The good news for allergy sufferers is that springtime mountain cedars and tree pollens have generally subsided.
The bad news: It’s summertime. While heat doesn’t influence the amount of pollen in the air, it does aid in the formation of ground-level ozone, which, in turn, can exacerbate allergy symptoms.
Summertime, and the sneezin’ is easy
Worldwide, allergic rhinitis affects between 10% and 30 % of the population, according to the American Academy of Allergy, Asthma & Immunology (AAAAI), and 17.6 million adults were diagnosed with hay fever in 2012 alone.
But what’s making us sneeze? Part of the problem, the EPA says, is ground level ozone — a component of smog — which is formed when pollutants emitted by cars, power plants, industrial boilers, refineries, chemical plants and other sources react chemically in the presence of sunlight
“For summer, it will be grass pollen along with high ozone levels combining for a one-two punch,” says Dr David Khan, associate professor of internal medicine at UT Southwestern Medical Center in Dallas, Texas. “In July, cedar elm will appear.”
To cope, Dr Khan, who also directs the asthma clinic at Parkland Memorial Hospital, offers these tips:
- Limit outdoor exposure during peak times — from mid-morning to midday.
- Air-conditioning filters out some allergens. Keeping windows closed lessens the amount of allergens that travel into the home.
- If you’re out for long periods during the day, take a shower before bedtime to wash off some of the allergens and prevent them from being transferred to pillows. “Your hair can be like a pollen magnet,” warns Dr Khan.
- Wear a mask while mowing the lawn or doing yard work.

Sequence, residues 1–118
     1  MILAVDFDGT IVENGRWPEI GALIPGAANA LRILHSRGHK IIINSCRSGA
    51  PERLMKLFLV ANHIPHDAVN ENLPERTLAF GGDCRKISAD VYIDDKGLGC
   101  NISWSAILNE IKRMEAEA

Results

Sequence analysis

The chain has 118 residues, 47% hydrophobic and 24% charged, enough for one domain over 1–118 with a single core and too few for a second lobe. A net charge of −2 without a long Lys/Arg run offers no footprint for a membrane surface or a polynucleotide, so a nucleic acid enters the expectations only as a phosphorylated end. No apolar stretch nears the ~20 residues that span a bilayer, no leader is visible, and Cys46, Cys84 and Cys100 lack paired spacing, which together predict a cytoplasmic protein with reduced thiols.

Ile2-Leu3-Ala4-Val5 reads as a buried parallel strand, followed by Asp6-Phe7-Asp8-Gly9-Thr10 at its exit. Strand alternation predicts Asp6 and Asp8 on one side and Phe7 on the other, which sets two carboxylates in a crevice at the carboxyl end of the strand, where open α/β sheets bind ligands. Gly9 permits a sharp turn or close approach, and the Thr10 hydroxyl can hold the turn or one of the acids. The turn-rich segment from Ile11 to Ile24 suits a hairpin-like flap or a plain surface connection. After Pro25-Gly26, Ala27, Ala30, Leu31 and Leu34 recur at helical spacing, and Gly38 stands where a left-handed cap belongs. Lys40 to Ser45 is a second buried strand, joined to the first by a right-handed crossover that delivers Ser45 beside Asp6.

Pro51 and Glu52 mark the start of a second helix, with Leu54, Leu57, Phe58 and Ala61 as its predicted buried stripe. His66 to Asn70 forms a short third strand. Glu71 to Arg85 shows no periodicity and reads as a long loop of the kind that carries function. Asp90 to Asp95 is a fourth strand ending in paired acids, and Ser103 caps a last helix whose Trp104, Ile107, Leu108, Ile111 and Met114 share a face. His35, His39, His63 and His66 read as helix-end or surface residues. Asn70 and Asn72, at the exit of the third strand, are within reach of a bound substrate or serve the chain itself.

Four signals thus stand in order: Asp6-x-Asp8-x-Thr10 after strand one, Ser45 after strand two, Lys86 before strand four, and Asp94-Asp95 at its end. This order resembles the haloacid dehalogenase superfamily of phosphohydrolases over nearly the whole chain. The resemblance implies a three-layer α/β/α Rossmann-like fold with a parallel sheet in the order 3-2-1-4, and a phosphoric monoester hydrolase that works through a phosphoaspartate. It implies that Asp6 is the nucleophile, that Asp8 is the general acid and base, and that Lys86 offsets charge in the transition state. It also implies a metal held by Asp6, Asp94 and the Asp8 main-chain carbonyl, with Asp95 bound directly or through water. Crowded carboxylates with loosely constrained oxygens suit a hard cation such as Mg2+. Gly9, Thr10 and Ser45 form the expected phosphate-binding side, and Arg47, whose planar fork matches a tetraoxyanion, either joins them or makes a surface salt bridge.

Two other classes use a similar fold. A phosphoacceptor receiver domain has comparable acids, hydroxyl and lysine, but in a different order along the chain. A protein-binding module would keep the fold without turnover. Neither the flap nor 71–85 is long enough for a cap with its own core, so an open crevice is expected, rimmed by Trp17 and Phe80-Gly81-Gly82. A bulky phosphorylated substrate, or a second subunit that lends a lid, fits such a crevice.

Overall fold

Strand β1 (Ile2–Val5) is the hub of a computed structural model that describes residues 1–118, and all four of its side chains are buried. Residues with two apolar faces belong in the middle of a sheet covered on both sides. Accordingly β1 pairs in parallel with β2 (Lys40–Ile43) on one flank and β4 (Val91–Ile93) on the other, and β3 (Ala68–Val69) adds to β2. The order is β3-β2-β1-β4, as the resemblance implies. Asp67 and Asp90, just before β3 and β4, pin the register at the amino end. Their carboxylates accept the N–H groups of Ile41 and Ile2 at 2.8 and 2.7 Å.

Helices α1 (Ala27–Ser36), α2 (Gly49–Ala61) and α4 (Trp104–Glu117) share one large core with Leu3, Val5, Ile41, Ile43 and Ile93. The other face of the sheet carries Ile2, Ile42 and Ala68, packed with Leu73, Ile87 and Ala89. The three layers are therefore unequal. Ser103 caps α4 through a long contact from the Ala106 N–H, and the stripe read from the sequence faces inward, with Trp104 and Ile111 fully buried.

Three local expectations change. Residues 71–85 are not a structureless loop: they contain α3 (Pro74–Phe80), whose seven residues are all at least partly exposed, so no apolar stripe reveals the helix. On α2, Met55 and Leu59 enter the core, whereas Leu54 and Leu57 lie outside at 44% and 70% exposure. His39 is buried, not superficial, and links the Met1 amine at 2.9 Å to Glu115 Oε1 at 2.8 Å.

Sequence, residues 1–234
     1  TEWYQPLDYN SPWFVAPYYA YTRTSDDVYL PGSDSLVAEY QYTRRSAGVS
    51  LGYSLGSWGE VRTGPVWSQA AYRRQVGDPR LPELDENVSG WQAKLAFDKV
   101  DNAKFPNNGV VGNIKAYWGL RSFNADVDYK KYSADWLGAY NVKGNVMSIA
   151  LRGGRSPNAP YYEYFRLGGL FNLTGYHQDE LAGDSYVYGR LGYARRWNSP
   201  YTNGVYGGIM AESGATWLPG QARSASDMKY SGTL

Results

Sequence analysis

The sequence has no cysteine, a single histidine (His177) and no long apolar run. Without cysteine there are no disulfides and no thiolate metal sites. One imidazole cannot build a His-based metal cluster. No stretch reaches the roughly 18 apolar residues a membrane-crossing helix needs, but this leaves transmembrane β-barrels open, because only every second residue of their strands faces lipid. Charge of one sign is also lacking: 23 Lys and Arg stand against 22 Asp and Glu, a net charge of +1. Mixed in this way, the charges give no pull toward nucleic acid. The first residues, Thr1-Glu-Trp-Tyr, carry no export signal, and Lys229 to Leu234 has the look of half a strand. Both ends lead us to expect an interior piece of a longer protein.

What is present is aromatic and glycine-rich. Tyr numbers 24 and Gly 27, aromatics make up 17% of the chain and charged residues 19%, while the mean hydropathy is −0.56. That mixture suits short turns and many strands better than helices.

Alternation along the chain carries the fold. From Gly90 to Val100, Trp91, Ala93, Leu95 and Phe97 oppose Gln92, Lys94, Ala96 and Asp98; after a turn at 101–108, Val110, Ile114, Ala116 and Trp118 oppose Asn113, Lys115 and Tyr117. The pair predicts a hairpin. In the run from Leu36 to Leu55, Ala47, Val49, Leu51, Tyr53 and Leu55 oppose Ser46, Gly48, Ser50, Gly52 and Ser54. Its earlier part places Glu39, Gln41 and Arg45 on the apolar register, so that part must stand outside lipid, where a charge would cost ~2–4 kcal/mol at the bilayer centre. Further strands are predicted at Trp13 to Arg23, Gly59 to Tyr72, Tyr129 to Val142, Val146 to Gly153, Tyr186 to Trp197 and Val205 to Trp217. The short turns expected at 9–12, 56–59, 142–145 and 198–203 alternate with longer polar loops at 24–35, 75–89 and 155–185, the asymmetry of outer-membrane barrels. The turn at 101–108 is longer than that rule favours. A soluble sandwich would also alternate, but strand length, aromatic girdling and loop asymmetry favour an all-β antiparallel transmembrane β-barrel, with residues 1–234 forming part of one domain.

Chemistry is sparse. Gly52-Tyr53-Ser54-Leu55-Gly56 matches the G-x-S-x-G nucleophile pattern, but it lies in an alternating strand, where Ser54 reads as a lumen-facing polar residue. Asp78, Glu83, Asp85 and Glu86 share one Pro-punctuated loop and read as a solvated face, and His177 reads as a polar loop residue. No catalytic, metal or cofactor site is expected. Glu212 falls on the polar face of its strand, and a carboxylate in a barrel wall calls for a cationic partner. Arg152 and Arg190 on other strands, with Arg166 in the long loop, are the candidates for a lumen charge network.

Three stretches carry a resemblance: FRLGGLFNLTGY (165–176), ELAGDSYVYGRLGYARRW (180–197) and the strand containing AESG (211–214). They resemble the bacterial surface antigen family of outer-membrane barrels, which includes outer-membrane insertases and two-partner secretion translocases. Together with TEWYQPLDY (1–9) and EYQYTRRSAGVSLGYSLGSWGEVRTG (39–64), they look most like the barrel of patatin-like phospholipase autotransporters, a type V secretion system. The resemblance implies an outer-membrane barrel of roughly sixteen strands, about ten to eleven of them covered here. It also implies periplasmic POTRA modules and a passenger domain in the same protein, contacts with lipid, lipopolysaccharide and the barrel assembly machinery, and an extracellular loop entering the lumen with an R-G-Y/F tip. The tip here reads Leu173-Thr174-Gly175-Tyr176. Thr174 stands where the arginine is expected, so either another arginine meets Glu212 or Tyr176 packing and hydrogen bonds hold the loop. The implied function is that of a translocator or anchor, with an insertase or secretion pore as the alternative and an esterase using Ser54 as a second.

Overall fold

- Take allergy medications before you go outside, so they have time to work into your system.
What kind of allergy medications?
Choosing the right medications to help control symptoms is important, Dr Khan says. Antihistamines are the most common medications used for allergies. They can help relieve itching, sneezing and runny noses, but don’t generally help with stuffiness. Oral decongestants like pseudoephedrine generally work for stuffy noses.
Topical decongestants — nose sprays — aren’t a good long-term solution because you can become addicted to them, causing nasal passages to swell even more, and possibly resulting in other nasal problems as well.
If symptoms aren’t subdued or allergies are interfering with your lifestyle or work, it’s probably a good time to find an allergy specialist and see if other treatments may help.
“It’s reasonable to try some of the over-the-counter drugs first, and if you’re not satisfied with those results, then you need to see a doctor,” says Dr Khan.
Prescription antihistamines can offer more potency and be less sedating than over-the-counter measures, Dr Khan says. Corticosteroid anti-inflammatory nasal sprays can be used regularly, often once a day, and are generally safe and effective. (These are not the same as anabolic steroids that athletes sometimes abuse and for which some school systems now test.)
Antihistamines, decongestants and corticosteroids, however, do no more than depress symptoms. “Although you’ll be reducing the effect of the allergic reaction, you’ll still be just as allergic at the end of the day,” Dr Khan says.
Shots are the most effective medical treatment, he says, actually making allergy sufferers less allergic. There’s also a novel clinical approach, called rush immunotherapy, which simply means taking more shots over a shorter period of time. Doctors think this may help expedite results.